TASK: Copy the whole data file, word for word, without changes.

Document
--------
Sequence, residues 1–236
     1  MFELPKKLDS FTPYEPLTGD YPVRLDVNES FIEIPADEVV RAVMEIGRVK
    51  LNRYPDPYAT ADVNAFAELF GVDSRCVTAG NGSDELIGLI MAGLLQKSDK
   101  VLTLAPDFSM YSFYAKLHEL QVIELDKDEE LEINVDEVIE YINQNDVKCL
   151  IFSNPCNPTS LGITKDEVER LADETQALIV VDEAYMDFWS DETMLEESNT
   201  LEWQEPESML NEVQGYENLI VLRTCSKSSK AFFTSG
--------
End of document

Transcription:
Sequence, residues 1–236
     1  MFELPKKLDS FTPYEPLTGD YPVRLDVNES FIEIPADEVV RAVMEIGRVK
    51  LNRYPDPYAT ADVNAFAELF GVDSRCVTAG NGSDELIGLI MAGLLQKSDK
   101  VLTLAPDFSM YSFYAKLHEL QVIELDKDEE LEINVDEVIE YINQNDVKCL
   151  IFSNPCNPTS LGITKDEVER LADETQALIV VDEAYMDFWS DETMLEESNT
   201  LEWQEPESML NEVQGYENLI VLRTCSKSSK AFFTSG